BRIEF DESCRIPTION OF THE DRAWINGS

Detailed discussion of embodiments directed to one of ordinary skill in the art are set forth in the specification, which makes reference to the appended figures, in which:

FIG. 1 depicts an example geographic area including an origin and a destination;

FIG. 2 depicts a portion of an example graph modeling a travel segment network;

FIG. 3 depicts a geographic region including a base area and a plurality of padding rings according to example aspects of the present disclosure;

FIG. 4 depicts the example generation of contracted graph data according to example aspects of the present disclosure;

FIG. 5 depicts a representation of an example data structure according to example aspects of the present disclosure;

FIG. 6 depicts an example seam between geographic regions according to example aspects of the present disclosure;

FIG. 7 depicts an example flow diagram of a method for determining routes in geographic areas according to example aspects of the present disclosure; and

FIG. 8 depicts an example computing system for determining routes in geographic areas according to example aspects of the present disclosure.

DETAILED DESCRIPTION

Reference now will be made in detail to embodiments, one or more examples of which are illustrated in the drawings. Each example is provided by way of explanation of the embodiments, not limitation of the present disclosure. In fact, it will be apparent to those skilled in the art that various modifications and variations can be made to the embodiments without departing from the scope or spirit of the present disclosure. For instance, features illustrated or described as part of one embodiment can be used with another embodiment to yield a still further embodiment. Thus, it is intended that aspects of the present disclosure cover such modifications and variations.

Overview

Generally, example aspects of the present disclosure are directed to systems and methods for determining routes between origins and destinations using graph data modeling a travel segment network. Computing devices can obtain travel segment network data (e.g. tile data objects containing graph data modeling the segment network) for various geographic regions of interest, for instance, from a remote device (e.g. a web server) over a network (e.g. the Internet). In some cases, the data obtained for different geographic regions can be associated with different data versions or different data builds. This can lead to difficulties in the offline determination of routes using the data obtained for the different geographic regions.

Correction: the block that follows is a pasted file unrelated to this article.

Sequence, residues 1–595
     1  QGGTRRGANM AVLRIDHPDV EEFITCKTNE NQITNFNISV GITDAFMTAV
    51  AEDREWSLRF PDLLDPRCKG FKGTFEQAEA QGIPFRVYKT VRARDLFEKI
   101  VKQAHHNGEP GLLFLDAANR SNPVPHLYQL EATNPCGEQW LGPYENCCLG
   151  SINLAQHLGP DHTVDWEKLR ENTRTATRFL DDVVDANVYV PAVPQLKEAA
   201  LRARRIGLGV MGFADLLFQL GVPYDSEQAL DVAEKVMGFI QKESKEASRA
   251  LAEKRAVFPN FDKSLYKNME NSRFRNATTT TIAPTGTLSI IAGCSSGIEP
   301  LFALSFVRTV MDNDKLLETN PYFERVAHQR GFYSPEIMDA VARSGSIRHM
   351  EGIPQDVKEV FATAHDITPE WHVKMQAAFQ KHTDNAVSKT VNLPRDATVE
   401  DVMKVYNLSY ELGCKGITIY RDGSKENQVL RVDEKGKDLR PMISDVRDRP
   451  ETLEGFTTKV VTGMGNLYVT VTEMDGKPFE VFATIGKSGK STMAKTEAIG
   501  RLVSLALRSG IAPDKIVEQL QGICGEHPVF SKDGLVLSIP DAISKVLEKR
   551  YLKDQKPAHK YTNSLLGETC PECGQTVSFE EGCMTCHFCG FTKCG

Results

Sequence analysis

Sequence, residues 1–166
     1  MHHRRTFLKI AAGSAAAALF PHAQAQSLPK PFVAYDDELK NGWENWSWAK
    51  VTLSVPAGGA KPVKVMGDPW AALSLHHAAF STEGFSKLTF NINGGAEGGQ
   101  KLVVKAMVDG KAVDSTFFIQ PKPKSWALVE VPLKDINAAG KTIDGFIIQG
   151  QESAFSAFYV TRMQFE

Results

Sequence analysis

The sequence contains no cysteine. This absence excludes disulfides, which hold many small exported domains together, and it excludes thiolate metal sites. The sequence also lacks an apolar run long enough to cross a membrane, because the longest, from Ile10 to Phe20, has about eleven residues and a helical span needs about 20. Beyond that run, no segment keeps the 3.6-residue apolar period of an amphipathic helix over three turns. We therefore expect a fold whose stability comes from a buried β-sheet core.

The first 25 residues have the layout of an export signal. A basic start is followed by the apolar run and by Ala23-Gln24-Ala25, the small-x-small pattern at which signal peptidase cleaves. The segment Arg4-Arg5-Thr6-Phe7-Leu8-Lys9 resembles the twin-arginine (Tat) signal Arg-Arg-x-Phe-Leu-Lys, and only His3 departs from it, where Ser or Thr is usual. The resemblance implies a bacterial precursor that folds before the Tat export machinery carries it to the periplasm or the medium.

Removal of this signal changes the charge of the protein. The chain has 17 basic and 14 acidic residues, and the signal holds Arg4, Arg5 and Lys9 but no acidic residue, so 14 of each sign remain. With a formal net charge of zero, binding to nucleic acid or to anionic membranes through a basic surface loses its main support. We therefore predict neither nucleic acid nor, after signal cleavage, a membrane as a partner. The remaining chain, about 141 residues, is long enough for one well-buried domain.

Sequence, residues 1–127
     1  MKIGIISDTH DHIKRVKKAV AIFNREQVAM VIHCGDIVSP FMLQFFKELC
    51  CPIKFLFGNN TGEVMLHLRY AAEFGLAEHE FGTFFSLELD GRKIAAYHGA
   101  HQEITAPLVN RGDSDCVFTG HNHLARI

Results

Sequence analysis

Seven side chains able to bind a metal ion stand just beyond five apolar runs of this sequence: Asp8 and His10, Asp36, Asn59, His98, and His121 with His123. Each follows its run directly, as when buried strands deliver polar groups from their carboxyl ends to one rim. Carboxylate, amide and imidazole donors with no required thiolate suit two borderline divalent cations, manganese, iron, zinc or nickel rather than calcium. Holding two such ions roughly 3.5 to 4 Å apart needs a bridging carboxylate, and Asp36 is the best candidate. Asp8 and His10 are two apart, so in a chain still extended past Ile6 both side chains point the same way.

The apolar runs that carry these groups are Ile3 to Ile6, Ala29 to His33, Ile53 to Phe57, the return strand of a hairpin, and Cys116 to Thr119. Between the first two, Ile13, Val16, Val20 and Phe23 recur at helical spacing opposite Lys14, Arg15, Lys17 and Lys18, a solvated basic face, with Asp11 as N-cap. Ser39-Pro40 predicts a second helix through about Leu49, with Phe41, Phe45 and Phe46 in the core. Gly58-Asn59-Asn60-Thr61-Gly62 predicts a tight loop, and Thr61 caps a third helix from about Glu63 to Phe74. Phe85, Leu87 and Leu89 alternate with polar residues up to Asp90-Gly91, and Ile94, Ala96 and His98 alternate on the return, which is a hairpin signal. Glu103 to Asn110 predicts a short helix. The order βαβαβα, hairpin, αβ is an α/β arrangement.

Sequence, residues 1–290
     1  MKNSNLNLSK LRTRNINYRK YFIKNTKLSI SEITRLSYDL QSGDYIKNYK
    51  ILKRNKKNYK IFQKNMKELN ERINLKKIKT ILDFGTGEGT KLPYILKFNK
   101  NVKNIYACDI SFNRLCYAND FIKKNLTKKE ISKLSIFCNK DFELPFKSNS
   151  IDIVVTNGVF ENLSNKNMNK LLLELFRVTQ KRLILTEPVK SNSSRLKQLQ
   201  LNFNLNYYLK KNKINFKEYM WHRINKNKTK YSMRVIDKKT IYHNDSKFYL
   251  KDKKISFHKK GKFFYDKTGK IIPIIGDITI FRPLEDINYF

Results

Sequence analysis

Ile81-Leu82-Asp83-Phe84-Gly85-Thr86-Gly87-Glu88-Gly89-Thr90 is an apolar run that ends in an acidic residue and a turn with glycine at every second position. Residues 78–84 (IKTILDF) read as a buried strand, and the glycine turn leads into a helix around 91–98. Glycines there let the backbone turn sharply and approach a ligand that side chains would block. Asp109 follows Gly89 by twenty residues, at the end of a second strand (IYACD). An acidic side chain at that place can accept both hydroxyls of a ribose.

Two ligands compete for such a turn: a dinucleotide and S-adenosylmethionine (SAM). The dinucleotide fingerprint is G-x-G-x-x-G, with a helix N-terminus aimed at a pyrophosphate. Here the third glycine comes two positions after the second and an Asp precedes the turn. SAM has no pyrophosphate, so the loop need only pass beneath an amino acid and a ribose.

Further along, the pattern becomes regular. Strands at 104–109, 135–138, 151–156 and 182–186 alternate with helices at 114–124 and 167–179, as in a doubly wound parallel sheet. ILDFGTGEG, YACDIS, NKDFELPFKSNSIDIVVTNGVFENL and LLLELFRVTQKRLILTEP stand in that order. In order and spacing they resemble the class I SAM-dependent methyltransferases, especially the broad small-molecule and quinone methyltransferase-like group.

For example, a user may have downloaded first travel segment network data for a first geographic region on a first date and may have downloaded second travel segment network data on a second date. The first travel segment network data can be associated with a first data version and the second travel segment network data can be associated with a second data version. The first data version may be associated with different map data than the second data version, possibly resulting in incompatible preprocessing of the travel segment network data for fast search (e.g., incompatible contraction orders). As a result, offline calculation of routes using fast route calculation techniques (e.g. a contraction hierarchies routing algorithm) based on the different data versions can be difficult.

According to example aspects of the present disclosure, systems and methods are provided for the determination of routes from, for instance, travel segment network data associated with different data versions. More particularly, a request can be received for a route from an origin to a destination. First graph data modeling a travel segment network for a geographic region associated with the origin and second graph data modeling a travel segment network for a geographic region associated the destination can be accessed. The first graph data and the second graph data can be used to perform a search (e.g. a contraction hierarchies style search) for a shortest path through the graph data. Example aspects of the present disclosure are directed to ensuring that nodes representing travel segments that cross a boundary associated with a geographic region (“boundary segments”) are visited during a search to ensure that the shortest path is discovered in the search.